by Jen Weiss
Jen Weiss is a Finance Analyst at the Environmental Finance Center.
Mention the words ‘climate change’ and you will likely get a variety of responses. Nationally, opinions range from sentiments like former Vice President Al Gore’s declaration in 2005 that “we are facing a global climate crisis” to geology scientist Martin Keeley’s 2004 statement that “global warming is indeed a scam, perpetrated by scientists with vested interests.” Despite all of the controversy, last month President Barack Obama laid out his own views on climate change: “Our planet is changing in ways that will have profound impacts on all of humankind … those who are already feeling the effects of climate change don’t have time to deny it – they’re busy dealing with it.”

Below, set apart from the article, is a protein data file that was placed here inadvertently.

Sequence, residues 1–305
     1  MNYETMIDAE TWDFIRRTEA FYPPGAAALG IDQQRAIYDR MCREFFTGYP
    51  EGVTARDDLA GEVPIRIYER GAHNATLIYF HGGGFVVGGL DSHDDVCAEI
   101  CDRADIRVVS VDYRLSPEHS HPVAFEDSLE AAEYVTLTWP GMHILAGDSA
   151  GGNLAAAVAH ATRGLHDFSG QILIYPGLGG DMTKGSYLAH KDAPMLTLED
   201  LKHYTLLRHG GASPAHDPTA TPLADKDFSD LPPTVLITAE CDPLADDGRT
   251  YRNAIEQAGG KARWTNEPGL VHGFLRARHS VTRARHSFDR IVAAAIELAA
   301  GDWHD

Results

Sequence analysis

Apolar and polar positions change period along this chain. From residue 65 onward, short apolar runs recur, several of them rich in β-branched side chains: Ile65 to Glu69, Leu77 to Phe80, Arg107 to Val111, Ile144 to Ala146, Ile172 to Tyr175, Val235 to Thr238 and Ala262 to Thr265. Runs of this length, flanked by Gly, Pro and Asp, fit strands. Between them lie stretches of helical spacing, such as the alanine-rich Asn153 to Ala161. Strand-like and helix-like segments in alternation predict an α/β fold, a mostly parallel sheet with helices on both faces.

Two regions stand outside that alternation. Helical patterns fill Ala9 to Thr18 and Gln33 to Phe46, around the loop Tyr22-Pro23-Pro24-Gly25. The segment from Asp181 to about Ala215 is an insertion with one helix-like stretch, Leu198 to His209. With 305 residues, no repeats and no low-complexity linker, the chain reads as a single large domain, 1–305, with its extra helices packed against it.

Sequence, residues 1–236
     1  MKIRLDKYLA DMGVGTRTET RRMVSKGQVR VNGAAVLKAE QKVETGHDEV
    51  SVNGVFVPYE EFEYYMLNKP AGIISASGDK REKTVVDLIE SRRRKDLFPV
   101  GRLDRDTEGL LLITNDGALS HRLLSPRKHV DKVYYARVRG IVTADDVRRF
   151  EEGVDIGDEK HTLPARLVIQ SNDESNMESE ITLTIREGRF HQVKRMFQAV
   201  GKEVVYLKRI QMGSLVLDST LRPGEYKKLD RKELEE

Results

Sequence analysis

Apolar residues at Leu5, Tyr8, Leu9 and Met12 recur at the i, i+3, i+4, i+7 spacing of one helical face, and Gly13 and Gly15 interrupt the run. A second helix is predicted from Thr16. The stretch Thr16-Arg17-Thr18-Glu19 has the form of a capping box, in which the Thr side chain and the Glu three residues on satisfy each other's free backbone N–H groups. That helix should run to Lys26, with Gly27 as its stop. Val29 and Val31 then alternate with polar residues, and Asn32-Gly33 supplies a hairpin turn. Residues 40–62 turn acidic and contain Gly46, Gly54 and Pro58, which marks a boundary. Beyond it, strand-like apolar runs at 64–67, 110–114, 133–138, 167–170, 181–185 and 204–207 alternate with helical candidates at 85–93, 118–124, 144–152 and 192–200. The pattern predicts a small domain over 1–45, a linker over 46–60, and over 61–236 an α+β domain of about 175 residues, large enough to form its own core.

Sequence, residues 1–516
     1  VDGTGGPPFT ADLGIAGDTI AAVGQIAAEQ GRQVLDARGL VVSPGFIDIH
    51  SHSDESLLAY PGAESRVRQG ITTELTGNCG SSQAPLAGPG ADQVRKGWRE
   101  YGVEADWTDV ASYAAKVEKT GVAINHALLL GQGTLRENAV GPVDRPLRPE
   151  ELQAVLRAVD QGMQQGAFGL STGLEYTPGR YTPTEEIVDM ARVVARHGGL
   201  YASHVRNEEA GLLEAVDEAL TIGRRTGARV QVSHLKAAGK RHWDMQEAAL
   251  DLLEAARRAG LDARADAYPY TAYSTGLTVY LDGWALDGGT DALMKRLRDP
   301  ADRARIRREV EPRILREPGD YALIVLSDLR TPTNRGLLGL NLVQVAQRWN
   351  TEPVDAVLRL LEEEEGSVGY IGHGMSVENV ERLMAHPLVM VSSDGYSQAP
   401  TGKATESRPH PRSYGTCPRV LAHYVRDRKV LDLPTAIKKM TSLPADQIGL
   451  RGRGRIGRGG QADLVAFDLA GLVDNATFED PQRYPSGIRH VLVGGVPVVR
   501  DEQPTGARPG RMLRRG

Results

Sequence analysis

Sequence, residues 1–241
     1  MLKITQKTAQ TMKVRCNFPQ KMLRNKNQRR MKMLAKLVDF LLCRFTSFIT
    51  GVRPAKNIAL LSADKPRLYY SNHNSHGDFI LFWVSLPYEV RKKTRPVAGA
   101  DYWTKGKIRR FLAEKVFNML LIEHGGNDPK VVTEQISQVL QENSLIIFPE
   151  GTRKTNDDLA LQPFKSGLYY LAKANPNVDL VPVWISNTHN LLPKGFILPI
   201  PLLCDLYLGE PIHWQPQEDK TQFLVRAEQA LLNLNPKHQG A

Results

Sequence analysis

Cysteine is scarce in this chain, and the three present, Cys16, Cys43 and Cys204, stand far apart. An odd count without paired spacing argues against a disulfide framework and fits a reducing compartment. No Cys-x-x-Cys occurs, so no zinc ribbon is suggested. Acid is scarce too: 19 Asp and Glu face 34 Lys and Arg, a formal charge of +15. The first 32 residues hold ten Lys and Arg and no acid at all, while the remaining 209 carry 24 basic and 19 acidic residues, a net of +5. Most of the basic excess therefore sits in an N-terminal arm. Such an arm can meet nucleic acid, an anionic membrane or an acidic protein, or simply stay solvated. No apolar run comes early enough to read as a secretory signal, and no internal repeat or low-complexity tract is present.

Whether or not you are in agreement that climate change is real or what the long term effects of it may be, one thing is true – it is a huge topic of conversation. And when it comes to conversations about climate change, it isn’t just the environment that gets top billing. Often, the climate discussion comes down to pure economics. President Obama’s June 2013 Climate Action Plan is focused on reducing carbon emissions that cause climate change and affect public health. One of the three primary ways he plans to do this is to cut carbon “pollution” – similar to the way we have reduced pollution from toxins like lead, mercury and arsenic – so Americans can “protect the health of our children and move our economy toward American-made clean energy sources that will create good jobs and lower home energy bills.”